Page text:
The title is a play on words. I had to go into rescue mode after a bad install of opensuse 12.1 rc1 (the first release candidate). This post reports how I got the system going.
I’ll start by describing what happened. And, incidentally, I was not at all surprised that I ran into problems – I was expecting them.
My plan was to install the 32 bit version on a 64 bit system (with 6G of memory). Normally, you can only access 4G of memory in a 32 bit system. However, the PAE that is built into the desktop version of the kernel does allow accessing more memory. I had previously installed opensuse 11.3 and opensuse 11.4 on this particular computer (a Dell laptop), and was able to use all 6G of memory. With the early test releases of 12.1, I was also able to use all 6G. But with the milestone 3 release – the first to use a 3.x kernel version, that no longer worked. I installed from the KDE live CD, which uses the default kernel and can only access 4G of memory. So I then installed the desktop version of the kernel, expecting to be able to use all of the memory.
Unfortunately, the desktop kernel would not load. The system would hang during kernel loading. I had to boot from the default kernel if I wanted it to work.
The same problem showed up with the milestone 5 release, and then with the Beta1 release, which were using more recent versions of the kernel. It was becoming obvious that this bug was not likely to be fixed any time soon. A fix would have to come from the kernel developers. And they are probably thinking that people should just install a 64 bit kernel and not depend on the PAE hacks.
For the rc1 pre-release version, I had planned to install from the DVD. The installer on the DVD is more flexible than that on the live CD, so I expected that it would decide that the desktop kernel is best for my system and install that. My plan was to go into the software selection part of the install, and make sure that the default kernel was also installed so that I would have an alternative in case the desktop kernel failed to load.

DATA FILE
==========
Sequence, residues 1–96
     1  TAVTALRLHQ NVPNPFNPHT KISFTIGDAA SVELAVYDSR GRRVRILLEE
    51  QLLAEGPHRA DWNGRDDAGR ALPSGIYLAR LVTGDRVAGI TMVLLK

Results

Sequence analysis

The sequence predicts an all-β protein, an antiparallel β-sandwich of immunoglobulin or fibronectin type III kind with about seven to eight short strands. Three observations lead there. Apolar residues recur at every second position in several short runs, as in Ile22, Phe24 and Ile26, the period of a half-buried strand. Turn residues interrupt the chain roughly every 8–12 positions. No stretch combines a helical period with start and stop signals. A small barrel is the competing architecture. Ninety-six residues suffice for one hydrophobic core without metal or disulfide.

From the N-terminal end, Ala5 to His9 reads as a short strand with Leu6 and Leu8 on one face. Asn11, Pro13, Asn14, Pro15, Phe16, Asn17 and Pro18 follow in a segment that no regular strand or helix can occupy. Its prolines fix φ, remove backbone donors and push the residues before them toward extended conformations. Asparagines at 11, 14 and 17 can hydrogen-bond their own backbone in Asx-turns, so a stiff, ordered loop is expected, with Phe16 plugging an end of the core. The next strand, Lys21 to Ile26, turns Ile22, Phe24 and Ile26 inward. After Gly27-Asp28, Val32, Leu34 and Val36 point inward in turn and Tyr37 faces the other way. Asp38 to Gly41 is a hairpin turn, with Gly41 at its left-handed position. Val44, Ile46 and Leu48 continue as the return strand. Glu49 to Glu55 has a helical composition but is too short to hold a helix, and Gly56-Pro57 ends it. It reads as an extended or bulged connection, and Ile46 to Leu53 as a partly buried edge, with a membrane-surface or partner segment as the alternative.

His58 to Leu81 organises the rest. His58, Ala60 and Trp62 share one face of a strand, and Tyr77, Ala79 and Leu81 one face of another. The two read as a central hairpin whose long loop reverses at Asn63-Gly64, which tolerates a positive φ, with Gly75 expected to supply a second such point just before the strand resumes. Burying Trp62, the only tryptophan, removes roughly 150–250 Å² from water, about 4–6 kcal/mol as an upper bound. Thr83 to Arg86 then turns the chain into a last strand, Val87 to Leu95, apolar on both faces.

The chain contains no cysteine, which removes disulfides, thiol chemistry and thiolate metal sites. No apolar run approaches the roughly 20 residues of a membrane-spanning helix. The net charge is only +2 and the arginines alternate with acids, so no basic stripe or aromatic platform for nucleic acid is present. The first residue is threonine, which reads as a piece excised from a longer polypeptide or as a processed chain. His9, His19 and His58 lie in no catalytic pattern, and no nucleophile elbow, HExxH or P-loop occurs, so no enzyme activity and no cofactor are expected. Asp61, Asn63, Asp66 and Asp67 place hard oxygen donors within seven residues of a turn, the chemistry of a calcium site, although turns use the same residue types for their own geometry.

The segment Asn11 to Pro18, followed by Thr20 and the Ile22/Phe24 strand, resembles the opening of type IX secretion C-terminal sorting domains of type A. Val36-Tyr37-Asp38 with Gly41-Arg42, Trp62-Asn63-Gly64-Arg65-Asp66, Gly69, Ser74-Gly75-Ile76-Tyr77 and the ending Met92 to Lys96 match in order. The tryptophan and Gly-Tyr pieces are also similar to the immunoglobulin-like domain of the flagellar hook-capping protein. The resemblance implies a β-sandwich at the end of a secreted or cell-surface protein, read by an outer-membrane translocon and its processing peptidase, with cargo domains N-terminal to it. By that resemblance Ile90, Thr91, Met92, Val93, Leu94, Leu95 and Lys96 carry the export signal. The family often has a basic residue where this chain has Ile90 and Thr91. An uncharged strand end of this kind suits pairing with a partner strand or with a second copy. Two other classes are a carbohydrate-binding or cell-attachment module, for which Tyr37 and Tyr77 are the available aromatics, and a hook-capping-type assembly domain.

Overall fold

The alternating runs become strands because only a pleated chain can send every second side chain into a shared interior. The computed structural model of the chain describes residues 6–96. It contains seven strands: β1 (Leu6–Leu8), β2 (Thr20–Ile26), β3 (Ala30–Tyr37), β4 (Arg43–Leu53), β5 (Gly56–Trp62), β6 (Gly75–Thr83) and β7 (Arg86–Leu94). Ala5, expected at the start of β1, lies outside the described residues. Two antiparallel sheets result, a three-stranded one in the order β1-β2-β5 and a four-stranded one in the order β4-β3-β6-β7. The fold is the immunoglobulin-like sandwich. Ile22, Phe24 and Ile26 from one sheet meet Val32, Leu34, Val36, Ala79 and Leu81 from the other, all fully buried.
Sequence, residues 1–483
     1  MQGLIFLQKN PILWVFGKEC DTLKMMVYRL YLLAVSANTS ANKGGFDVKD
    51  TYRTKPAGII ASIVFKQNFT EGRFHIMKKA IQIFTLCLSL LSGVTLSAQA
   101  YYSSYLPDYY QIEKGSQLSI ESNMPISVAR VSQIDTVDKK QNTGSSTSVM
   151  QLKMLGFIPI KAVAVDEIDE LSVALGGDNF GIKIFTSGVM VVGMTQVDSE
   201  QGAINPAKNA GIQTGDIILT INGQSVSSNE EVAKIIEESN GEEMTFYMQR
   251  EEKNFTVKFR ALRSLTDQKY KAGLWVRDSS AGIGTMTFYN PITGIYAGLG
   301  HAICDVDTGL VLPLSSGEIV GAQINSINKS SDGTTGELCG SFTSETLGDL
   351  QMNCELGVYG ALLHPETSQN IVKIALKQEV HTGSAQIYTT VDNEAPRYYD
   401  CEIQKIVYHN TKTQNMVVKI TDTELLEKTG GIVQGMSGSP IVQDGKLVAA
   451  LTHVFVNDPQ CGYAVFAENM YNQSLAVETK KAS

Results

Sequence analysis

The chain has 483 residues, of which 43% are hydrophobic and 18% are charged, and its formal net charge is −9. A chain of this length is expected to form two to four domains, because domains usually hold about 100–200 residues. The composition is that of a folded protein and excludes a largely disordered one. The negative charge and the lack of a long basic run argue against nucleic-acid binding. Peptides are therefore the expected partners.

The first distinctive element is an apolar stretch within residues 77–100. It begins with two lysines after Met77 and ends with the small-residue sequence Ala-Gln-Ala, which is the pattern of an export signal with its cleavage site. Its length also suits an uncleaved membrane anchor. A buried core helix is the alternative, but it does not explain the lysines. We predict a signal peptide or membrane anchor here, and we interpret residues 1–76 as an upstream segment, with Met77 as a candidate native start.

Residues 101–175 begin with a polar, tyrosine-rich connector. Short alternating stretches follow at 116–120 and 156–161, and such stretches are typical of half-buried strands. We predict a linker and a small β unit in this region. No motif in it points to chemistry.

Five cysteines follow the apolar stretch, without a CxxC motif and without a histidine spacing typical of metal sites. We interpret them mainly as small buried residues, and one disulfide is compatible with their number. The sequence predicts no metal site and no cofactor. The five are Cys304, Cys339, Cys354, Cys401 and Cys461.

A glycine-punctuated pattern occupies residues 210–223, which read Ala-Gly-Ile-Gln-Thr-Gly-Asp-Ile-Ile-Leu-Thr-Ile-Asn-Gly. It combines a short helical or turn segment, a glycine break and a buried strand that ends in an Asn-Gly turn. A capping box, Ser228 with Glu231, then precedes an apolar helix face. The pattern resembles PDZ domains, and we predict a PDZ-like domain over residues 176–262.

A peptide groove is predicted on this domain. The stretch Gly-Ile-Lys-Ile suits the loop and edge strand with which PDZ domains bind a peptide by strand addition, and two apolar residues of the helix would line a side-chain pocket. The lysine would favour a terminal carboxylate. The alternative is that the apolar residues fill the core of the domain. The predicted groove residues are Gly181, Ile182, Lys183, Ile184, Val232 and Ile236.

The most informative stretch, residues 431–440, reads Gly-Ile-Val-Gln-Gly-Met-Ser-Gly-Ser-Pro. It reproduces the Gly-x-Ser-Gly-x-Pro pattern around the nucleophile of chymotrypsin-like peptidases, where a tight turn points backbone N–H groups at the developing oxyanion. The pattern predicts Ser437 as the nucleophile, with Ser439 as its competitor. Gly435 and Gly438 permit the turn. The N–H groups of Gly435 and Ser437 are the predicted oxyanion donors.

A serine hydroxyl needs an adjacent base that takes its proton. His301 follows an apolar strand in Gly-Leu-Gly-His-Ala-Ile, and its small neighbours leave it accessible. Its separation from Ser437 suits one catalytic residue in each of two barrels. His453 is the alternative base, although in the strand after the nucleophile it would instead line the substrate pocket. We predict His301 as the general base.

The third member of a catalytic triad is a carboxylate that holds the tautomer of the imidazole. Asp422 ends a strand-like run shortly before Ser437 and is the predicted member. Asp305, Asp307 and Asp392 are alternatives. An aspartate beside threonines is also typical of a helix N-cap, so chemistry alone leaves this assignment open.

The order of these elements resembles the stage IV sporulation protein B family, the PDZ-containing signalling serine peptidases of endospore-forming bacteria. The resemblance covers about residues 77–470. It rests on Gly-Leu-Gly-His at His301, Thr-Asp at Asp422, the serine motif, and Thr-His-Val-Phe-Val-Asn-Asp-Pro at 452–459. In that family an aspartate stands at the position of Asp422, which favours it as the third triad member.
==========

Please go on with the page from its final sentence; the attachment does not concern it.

My plans ran into another problem. A bug in the installer prevented one from going into the software select part. So I would be stuck with whatever kernel was installed.
I went through with the install anyway, expecting problems. My main reason for this install was to test whether the desktop kernel would load. And an install that failed because of the problem would still be a valid test.
As expected, the installer chose the desktop kernel. And, as expected, the kernel failed to load on the reboot for final configuration.
I could have stopped there. I had already tested what I wanted, and I already had a successful 64 bit install on the same computer, which I could use for testing other software in the release. But I decided this could be a learning experience if I tried to rescue the bad install.
I knew what was needed. I had to somehow install the default kernel, build the “initrd” and update the boot configuration on an unbootable system.
It took a little experimentation to work out how to proceed. The man pages for mkinitrd were particularly helpful.
Here’s what I finished up doing:
I began by booting the DVD into rescue mode, where I logged in as root. Then I mounted the root directory of the failed install as “/mnt”, and mounted other partitions onto that. After the mounts “/mnt” was the complete system that I wanted to repair.
# mount --bind /dev /mnt/dev ## make the devices available # chroot /mnt ## switch to the damaged system # mount /proc # mount /sys # yast
That got me into the yast administrative tool in command line mode. There, I installed the default kernel. That went well. Yast built the “initrd” file and updated the boot configuration as part of its install.
I could then exit from yast, exit from the chroot environment, and reboot. I selected the default kernel in the reboot. The configuration stages of the initial install picked up where they had left off. And I now had a bootable system provided that I used the default kernel for booting.